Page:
“He wanted me to give Weston a job interview,” Saltsman says. “I told him I would.” Zach Wamp’s pattern of helping his son continues now that Weston Wamp is challenging Fleischmann for the 3rd District seat, from tapping his old donor network to knocking on voters’ doors.
Now Fleischmann’s chief of staff, Saltsman said Weston Wamp once viewed Fleisch-mann as a potential Capitol Hill employer, not part of “the status quo” he criticizes almost daily in his quest to win his father’s old office.
Two sources confirmed Saltsman’s account, but both Wamps challenged it.
…As Saltsman remembers the 2010 meeting at Fleischmann’s Chattanooga campaign headquarters, the younger Wamp didn’t bring a resume and asked to be Fleischmann’s press secretary.
“I went into it with an open mind — Weston is well spoken and certainly does not lack in confidence,” Saltsman said. “But his conversation was a lot more about him and his skill set as opposed to why he wanted to work for Chuck.”
Weston Wamp denied that, saying he visited Saltsman to offer Fleischmann help on social media and online outreach — duties normally handled by a congressional press secretary.
“There was nothing about a job,” Weston Wamp said.
Saltsman said he decided against hiring Weston Wamp, adding that he called Zach Wamp to deliver the news.
“Zach did not agree with that decision,” Saltsman said. “Obviously a father’s going to lobby hard for his son.”
After more than 28 years at the helm and five days away from the start of early voting, the Washington County Election Commission voted 3-2 to fire Administrator of Elections Connie Sinks, reports the Johnson City Press. “I had no warning,” Sinks said by telephone Friday.
Exactly one week ago, Sinks fired one staff member and demoted another for sending a handwritten cover letter to three commission members in November asking that they use accompanying materials for a meeting that may or may not have occurred. An employee found the letter in a box of documents that were about to be shredded.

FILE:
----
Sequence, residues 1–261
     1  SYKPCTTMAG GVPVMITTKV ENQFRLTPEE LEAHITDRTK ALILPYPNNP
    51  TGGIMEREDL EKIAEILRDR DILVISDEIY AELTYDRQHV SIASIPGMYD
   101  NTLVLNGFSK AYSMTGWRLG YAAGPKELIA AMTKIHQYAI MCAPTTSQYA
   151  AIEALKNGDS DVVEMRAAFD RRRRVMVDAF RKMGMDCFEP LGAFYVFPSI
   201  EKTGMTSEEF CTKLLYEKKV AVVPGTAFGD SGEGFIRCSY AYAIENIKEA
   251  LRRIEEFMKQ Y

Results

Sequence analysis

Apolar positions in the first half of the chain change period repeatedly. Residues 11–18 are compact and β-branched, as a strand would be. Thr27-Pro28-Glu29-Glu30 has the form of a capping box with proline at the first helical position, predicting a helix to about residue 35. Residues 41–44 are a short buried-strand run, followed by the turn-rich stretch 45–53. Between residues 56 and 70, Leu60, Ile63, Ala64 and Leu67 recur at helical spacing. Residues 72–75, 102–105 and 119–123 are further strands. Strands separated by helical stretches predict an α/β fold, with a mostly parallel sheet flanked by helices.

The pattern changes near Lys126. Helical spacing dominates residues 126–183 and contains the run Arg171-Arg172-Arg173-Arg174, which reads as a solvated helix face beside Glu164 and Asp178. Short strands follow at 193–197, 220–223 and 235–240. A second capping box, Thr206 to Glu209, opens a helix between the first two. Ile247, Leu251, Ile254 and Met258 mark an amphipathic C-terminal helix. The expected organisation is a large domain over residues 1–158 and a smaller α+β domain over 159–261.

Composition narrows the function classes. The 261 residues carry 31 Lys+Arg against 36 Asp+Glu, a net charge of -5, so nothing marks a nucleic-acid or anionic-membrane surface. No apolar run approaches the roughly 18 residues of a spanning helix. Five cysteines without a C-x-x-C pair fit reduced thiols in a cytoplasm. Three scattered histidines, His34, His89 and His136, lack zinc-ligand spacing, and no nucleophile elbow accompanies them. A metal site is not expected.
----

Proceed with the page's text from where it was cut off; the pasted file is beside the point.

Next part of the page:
At that meeting, Sinks informed commissioners of her actions and blasted Chairwoman Janet Willis, and commissioners Jon Ruetz and Thomas Graham for being the recipients, or intended recipients of the letter without her knowledge and for not providing public notice of a meeting.
All three commissioners denied receiving the letter, a copy of which clearly shows them as the intended recipients. They also denied there was ever a meeting.
When she showed up Friday morning for a continuation of last week’s meeting, the same three people voted to fire her after Willis stood and read aloud a prepared statement that asked for a vote on Sinks’ termination.
“I had a feeling they were working behind my back,” Sinks said. “I felt like there would be retribution. Basically, they felt I had humiliated the commissioners for saying they hadn’t put out a public notice. Janet told me to take my pocketbook and leave my office keys and that they’d see that I got my personal items back. I went to my office and was out of there in about five minutes.”
Washington County Election Commission Administrator of Elections Connie Sinks fired one staff member and demoted another Friday, reports the Johnson City Press. The offense: Sending a handwritten cover letter to three members in November asking that they use accompanying materials for a meeting that may or may not have occurred. “You can’t run elections when you don’t trust your staff,” Sinks said.
After consultation with County Attorney John Rambo, Sinks fired Rebecca Vines, an administrative assistant, for insubordination, claiming the employee alerted the three members about the November meeting and that public notice was never given.
The letter was discovered in a box of documents that were ready to be shredded.
In the letter, Vines writes that she is including a list of 2012 election information prepared for the meeting and that “I have handwritten this cover letter because I didn’t want to risk it with the office computer.” Vines also wrote that “Maybell and I wanted to get this material to you quickly so you will be ready for your lunch meeting this coming Monday.”